The Free Hearing Test - What's involved?
Would you benefit from a hearing test?
Whilst it is true that a decline in hearing is natural as we age, it is also true that hearing is a vitally important sense that helps us stay connected to other people and the world. Loss of hearing not only isolates us but can affect our ability to work and socialise.For most people, finding it a bit harder to hear is just normal wear and tear and one more fact of life. One in five Irish people over the age of 50 have some difficulty hearing and that figure rises to almost one in two of those over 70.
- Do you often turn up the TV volume?
- Do you ask people to repeat what they said?
- Do you have problems understanding speech when there is background noise?
- Do people seem to be mumbling when they talk to you?
- Do you often have difficulty following conversations?
- Do you find it hard to tell where sounds are coming from?
- Do you avoid some social activities because you’re worried you’ll find it hard to hear what’s going on?
If you answered yes to any of these questions, a free hearing check-up could be your first step towards better hearing.
Before the Hearing Test
The first step is to book your free hearing test. You can do this by calling 1800 818 808 to make a reservation with one with of our 75 local clinics situated around the country, or you can fill in our online request form, and somebody will get in touch to help you find a suitable date and time with a clinic in your area.
Patients are advised that consultations are occasionally peer-reviewed using a listening monitor, but not recorded. This is for training and quality purposes, but any patient unwilling to have their consultation with the audiologist reviewed can be omitted from the quality assessment scheme.
During the Hearing Test
At your appointment, your audiologist will ask you a few simple questions about your lifestyle, family history and whether you have difficulty hearing in any particular situations such as noisy public spaces.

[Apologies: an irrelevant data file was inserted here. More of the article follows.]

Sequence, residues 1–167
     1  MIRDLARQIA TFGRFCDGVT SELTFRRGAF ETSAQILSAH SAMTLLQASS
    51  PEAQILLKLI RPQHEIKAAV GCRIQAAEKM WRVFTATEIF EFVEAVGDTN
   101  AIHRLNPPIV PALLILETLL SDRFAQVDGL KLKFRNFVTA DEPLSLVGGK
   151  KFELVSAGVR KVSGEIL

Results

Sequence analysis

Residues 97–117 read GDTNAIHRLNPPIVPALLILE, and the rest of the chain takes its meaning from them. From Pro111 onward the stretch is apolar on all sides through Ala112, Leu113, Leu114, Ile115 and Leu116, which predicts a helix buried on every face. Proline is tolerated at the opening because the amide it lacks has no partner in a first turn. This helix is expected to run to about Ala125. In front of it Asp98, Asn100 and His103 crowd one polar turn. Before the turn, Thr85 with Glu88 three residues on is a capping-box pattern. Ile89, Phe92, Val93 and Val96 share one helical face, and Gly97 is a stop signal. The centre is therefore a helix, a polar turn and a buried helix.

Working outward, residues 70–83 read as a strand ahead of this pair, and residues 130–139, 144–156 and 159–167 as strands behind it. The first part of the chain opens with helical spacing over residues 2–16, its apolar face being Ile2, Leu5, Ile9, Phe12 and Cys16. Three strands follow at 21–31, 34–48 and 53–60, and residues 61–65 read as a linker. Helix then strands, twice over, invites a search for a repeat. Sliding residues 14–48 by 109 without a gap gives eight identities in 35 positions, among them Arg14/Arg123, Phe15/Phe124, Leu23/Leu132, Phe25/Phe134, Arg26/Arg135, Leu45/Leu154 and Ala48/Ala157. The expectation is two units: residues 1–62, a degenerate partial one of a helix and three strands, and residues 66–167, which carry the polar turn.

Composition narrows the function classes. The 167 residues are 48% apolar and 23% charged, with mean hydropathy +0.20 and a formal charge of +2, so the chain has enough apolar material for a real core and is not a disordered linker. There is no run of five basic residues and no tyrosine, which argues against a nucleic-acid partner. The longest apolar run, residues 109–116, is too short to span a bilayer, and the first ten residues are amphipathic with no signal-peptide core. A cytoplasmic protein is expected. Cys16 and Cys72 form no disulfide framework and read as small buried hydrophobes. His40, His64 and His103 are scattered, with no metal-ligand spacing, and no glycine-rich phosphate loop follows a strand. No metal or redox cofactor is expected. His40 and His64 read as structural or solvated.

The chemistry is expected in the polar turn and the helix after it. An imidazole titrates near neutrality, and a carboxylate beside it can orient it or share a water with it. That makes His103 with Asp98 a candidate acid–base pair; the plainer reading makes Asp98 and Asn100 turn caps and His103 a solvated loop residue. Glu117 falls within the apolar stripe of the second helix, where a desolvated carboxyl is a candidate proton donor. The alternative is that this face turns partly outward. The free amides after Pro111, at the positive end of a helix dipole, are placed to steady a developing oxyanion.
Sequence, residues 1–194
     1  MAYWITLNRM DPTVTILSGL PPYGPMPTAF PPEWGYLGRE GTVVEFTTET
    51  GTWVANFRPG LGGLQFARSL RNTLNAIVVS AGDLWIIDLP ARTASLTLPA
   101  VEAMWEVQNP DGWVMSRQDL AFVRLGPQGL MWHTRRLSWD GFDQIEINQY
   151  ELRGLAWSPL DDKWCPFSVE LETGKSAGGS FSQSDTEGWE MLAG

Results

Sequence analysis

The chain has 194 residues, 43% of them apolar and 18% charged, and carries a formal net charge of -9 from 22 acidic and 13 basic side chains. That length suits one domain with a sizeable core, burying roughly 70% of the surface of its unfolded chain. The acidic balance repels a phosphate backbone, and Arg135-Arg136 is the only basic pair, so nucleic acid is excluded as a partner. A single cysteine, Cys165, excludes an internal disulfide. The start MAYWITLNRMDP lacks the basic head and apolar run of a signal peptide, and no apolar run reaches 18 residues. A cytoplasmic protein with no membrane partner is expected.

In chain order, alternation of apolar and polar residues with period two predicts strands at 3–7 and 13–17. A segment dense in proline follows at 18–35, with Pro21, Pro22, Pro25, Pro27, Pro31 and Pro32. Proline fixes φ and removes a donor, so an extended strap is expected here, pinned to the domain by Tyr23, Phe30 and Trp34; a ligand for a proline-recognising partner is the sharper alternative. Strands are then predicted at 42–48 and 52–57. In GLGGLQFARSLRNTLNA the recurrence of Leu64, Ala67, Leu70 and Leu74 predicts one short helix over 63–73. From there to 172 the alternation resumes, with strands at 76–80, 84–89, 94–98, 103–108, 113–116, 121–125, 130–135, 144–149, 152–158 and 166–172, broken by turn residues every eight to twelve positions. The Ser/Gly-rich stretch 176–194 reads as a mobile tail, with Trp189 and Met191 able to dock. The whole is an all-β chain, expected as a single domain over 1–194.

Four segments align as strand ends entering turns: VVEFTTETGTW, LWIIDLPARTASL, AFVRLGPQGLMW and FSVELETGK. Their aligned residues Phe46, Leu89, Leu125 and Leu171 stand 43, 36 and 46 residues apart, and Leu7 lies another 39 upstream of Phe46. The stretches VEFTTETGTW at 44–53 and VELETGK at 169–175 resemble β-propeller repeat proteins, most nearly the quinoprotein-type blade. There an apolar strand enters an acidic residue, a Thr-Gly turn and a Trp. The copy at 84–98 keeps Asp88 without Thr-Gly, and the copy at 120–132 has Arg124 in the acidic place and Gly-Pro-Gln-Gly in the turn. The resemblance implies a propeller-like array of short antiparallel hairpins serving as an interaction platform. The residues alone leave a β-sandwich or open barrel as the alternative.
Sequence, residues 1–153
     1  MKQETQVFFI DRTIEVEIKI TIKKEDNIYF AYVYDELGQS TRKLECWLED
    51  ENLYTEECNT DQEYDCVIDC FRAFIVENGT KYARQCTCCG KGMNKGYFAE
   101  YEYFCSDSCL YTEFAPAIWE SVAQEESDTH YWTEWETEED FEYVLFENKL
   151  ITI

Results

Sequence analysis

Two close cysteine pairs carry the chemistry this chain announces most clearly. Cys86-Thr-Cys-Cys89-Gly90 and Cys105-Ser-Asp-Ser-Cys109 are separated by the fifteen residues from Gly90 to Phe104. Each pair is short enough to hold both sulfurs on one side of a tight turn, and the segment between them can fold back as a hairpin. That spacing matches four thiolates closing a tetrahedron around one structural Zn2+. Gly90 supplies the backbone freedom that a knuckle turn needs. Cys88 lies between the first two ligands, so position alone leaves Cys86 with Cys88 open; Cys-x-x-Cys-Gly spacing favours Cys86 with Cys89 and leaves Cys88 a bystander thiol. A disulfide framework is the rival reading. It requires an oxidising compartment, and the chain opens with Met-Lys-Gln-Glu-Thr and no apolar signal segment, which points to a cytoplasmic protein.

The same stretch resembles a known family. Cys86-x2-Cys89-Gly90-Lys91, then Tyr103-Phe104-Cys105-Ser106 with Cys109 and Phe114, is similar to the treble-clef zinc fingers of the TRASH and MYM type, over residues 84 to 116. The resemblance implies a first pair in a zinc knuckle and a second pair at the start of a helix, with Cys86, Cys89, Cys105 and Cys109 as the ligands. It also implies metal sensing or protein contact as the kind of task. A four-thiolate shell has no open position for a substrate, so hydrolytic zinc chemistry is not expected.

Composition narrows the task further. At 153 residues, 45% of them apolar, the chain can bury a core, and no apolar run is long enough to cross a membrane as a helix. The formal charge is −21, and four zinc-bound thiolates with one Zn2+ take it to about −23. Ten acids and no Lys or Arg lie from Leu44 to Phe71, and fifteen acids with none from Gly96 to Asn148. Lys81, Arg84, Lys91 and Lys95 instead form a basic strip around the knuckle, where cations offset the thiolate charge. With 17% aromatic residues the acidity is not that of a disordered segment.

The audiologist will then take a look inside your ears using an instrument called an otoscope, which involves minimal discomfort and is designed to ascertain whether you have any obstructions or ear infections that might be temporarily affecting your ability to hear properly.
After that, you will be asked to listen to a number of sounds, usually a series of beeps, set at different frequencies, to ascertain if you have trouble hearing certain types of sounds. This part of the test is known as 'audiometry.' You may then be presented with a list of words, which will be read out to you and which you will then be asked to repeat.
Finally, you will undergo what is known as 'Sandfield Testing' – a technique pioneered by Hidden Hearing that is designed to assess how well you can hear in both quiet and noisy situations.
When the Test is Over
Afterwards, the results from your check-up will be shared with you. Based on these, your audiologist may make a number of recommendations. If hearing aids are advised, you will get a chance to have a look at the different types available to see if any meet your needs.
Once you have decided how you'd like to proceed, a separate appointment will then be booked to fit your hearing aids and help you get to grips with how they work.